Mr. Corbyn, aspiring to be Prime Minister responsible for the country’s security, has not provided any evidence to support his belated explanation for this behaviour, that he was working for peace rather than supporting the IRA. Seamus Mallon, the former Deputy First Minister of Northern Ireland, and Deputy Leader of Labour’s sister Party, the Social and Democratic and Labour Party (SDLP), is damning: “I never heard anyone mention Corbyn at all. He very clearly took the side of the IRA and that was incompatible, in my opinion, with working for peace”.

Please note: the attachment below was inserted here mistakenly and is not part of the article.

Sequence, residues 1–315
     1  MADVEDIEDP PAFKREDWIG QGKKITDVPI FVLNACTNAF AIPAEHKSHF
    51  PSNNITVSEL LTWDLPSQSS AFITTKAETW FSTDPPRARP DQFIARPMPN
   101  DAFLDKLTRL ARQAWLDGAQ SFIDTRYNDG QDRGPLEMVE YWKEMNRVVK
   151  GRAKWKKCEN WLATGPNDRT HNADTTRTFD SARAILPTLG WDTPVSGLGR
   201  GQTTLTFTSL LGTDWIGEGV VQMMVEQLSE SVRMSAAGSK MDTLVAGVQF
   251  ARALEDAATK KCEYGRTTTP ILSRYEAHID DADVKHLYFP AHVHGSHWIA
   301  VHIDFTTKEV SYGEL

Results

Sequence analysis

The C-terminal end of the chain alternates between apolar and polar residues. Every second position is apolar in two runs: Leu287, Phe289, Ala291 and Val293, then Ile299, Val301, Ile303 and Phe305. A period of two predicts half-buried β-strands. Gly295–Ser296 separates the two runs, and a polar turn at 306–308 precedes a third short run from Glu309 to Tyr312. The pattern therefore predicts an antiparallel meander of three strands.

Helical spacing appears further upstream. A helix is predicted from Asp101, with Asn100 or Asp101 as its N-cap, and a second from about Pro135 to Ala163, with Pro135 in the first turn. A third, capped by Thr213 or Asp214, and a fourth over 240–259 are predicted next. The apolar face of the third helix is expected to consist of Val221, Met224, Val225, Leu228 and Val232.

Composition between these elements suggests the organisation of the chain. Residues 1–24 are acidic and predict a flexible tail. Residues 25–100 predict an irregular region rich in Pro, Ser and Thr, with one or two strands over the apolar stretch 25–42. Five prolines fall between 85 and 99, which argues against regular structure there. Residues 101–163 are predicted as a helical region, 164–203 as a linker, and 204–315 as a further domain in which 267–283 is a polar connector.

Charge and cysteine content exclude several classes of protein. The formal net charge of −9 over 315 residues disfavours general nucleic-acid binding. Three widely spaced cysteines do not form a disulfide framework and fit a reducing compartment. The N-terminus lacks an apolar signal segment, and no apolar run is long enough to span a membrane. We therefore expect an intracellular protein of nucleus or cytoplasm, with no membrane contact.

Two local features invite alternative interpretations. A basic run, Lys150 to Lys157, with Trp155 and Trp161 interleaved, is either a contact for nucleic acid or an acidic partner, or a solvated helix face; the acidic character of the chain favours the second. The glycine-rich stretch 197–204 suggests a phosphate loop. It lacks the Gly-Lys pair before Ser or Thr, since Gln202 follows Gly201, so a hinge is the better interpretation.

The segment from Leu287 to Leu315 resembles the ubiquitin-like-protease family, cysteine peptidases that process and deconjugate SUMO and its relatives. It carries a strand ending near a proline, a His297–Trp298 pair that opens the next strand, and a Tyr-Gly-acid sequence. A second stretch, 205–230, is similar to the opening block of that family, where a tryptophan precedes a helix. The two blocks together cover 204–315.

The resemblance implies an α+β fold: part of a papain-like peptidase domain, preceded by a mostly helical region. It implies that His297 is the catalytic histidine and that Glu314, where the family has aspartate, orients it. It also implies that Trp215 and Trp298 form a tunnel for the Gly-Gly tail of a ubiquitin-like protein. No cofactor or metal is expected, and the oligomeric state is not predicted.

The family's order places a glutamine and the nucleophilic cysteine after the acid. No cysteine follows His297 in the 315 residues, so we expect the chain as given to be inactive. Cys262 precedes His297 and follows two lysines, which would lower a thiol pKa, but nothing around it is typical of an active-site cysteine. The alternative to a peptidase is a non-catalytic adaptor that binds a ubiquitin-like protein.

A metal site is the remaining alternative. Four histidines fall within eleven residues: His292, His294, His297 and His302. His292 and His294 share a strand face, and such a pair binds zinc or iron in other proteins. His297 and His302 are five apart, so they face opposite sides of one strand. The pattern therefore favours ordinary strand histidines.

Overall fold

Let’s be charitable to Mr. Corbyn. These were heady ideological times on the Left and he was only a back-bench MP. Perhaps he believed himself to be a potential mediator. It was a time of liberation struggles around the world and, perhaps, he did not realise that the IRA were rivals of the burgeoning 1960s human rights movement that could have brought about change. IRA violence, at first ostensibly to protect the Catholic community, shut down democratic redress for Catholic and Nationalist grievances. The Provisional IRA did not, as had many of the national liberation struggles worldwide, taken up armed struggle as a last resort against tyranny. That is why the Irish Catholic bishops opposed them. The Provos ruthless violence pre-empted a peaceful struggle for human rights; and their strategy was rejected by the Official IRA. In a democracy there were other options as the SDLP tried to demonstrate.